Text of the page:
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Lafleur and Bossy

On the death of two right wingers linked for all-time.

Even though I grew up in Boston, and was loyal to my hometown Bruins, there was no hockey team that stirred me with excitement like the dynastic New York Islanders of the early 1980s. The recently passed Mike Bossy was my hero, because he was one of the first people in this life who made me think that you could be created to be the best there ever was at one thing, allowing that you worked hard enough to master your talent.

For Bossy, that was goal-scoring. He could pick the corner on God, with a release faster than a cobra’s bite. His death—at the young age of sixty-five—rocked a part of my childhood that has continued to live within me: that portion that never loses sight of the value of wonder.

Now word has come out that another right winger for the Valhalla shortlist has died in Guy Lafleur, perhaps the closest a hockey player has ever come to looking like a poem on skates.

I used to boil with anxiety over Lafleur, as both a Bruins guy and a Mike Bossy fan. Recently I was talking to someone on the radio about the hockey team that would be the hardest to beat in a seven game series. We’re talking throughout the ages, a mega-best on best tournament. I went with the 1981-82 Islanders, but even as I said the words, the specter of Lafleur made me nervous.

I was not an official Islanders fan, but I had an idea of how Islanders fans felt back then, and how they’ve always respected Lafleur. For a time, he was not only the best player on earth—and Bobby Orr was still in the league—but he was the man, more than any other, who kept the Islanders dynasty from starting earlier than it did.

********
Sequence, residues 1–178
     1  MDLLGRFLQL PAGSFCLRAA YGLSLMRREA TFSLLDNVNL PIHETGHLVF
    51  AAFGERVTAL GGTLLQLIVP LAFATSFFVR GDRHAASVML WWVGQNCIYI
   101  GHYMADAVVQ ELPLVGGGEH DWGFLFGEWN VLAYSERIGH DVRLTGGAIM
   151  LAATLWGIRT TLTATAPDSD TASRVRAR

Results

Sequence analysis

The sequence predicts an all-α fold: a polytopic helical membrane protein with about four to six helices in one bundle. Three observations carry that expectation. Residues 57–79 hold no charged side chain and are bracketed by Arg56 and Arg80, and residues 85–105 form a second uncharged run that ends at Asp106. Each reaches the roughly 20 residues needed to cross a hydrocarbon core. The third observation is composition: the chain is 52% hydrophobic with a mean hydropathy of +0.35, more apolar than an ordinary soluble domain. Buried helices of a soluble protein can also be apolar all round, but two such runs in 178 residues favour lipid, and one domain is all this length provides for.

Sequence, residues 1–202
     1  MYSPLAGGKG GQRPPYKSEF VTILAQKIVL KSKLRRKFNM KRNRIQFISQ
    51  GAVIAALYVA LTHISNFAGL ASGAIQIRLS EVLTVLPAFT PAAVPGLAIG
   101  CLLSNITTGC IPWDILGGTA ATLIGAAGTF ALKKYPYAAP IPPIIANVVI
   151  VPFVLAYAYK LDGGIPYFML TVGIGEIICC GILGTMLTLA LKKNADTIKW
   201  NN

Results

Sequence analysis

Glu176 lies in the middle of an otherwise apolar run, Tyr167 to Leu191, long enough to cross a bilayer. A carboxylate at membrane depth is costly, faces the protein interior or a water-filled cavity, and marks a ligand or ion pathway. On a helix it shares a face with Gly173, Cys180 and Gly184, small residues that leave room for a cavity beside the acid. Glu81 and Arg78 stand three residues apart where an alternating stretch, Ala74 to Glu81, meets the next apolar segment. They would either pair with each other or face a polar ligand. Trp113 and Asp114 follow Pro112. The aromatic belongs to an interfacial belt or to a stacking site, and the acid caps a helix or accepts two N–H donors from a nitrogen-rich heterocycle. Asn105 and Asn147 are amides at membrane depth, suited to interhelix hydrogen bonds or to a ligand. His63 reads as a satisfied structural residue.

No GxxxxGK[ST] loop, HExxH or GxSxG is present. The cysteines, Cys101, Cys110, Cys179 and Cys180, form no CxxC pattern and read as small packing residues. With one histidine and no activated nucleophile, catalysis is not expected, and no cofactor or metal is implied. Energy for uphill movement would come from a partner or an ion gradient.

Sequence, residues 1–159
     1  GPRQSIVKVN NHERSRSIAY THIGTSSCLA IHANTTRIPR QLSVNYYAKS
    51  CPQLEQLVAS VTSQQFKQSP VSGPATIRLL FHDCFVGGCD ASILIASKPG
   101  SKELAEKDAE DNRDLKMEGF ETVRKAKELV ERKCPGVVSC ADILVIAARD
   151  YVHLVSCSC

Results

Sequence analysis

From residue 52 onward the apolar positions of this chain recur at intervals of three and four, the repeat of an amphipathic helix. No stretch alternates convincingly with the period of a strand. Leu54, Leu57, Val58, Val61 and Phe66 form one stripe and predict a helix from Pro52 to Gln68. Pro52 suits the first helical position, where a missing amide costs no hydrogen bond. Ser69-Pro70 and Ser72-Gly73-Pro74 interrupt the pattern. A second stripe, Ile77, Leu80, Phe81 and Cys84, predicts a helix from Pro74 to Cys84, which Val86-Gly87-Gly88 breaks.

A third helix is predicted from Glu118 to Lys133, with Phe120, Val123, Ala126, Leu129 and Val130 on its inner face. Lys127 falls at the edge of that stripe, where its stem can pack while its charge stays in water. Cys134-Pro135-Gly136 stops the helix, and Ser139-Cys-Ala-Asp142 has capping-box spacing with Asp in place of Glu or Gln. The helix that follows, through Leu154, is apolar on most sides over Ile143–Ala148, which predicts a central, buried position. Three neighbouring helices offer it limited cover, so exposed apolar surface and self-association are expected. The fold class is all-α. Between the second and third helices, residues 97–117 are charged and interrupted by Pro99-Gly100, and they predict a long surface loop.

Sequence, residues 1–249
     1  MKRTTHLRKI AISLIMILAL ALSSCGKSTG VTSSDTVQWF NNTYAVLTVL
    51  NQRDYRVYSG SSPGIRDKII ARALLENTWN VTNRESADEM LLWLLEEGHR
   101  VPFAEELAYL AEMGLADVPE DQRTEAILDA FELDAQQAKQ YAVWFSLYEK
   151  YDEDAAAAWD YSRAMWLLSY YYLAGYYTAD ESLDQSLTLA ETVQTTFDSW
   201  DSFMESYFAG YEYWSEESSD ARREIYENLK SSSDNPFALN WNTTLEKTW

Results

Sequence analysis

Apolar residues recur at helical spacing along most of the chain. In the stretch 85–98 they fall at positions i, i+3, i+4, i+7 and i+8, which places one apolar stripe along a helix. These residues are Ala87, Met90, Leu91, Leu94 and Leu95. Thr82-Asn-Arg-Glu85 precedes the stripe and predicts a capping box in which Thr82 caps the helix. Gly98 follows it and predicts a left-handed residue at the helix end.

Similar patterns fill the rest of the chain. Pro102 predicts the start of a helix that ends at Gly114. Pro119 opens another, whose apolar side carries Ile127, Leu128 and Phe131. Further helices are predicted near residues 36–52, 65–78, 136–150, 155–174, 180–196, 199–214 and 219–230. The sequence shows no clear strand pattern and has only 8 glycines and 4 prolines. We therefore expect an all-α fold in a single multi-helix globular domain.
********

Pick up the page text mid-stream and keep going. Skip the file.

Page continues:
You can still encounter plenty of people on Long Island who will vouch for what an absolute wagon the Islanders of the late 1970s were. You had a healthy Bossy, Bryan Trottier, Clark Gillies, Billy Smith, and Denis Potvin in their primes. You also had a squad in the 1976-77 Canadiens, who lost a mere eight games in a season. That’s normal.

The Islanders somehow took two contests from them in that season’s playoffs, but realistically, what were you going to do against those Montreal teams? They were stuffed with future Hall of Famers, but I’m not sure they win a single one of what became four straight Cups without Lafleur. Everything flowed through his game, which, if you’ve ever seen it—and if you haven’t, I suggest hauling on over to YouTube—was pure flow.

Bossy was the machine in the slot. He didn’t score like Lafleur did, flying down the wing. Bossy, having scored a goal once after his legs had been taken out from him, casually mentioned to a reporter that he believed if his hands were free, there was no excuse not to score. It was the coolest thing I had ever heard.

I used to ask my dad when Lafleur would retire, because he seemed to be an impediment to both our Bruins and Bossy. There was a symbolic grace in the Montreal dynasty itself then flowing into the Islanders’ reign. You have to love a hockey player—or anyone in anything—who’s so good that they keep you from what you can achieve, until you yourself hit that level, and take your place. So it goes with right wingers, and so it goes in life. Any good Canadiens or Islanders fan can tell you that.

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